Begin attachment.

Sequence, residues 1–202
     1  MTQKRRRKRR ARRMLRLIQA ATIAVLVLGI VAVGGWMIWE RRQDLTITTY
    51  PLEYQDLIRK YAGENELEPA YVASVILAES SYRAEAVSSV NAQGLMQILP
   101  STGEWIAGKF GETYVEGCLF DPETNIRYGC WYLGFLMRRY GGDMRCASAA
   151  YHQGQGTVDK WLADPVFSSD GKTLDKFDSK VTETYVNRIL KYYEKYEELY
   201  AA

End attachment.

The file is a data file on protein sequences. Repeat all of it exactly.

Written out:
Sequence, residues 1–202
     1  MTQKRRRKRR ARRMLRLIQA ATIAVLVLGI VAVGGWMIWE RRQDLTITTY
    51  PLEYQDLIRK YAGENELEPA YVASVILAES SYRAEAVSSV NAQGLMQILP
   101  STGEWIAGKF GETYVEGCLF DPETNIRYGC WYLGFLMRRY GGDMRCASAA
   151  YHQGQGTVDK WLADPVFSSD GKTLDKFDSK VTETYVNRIL KYYEKYEELY
   201  AA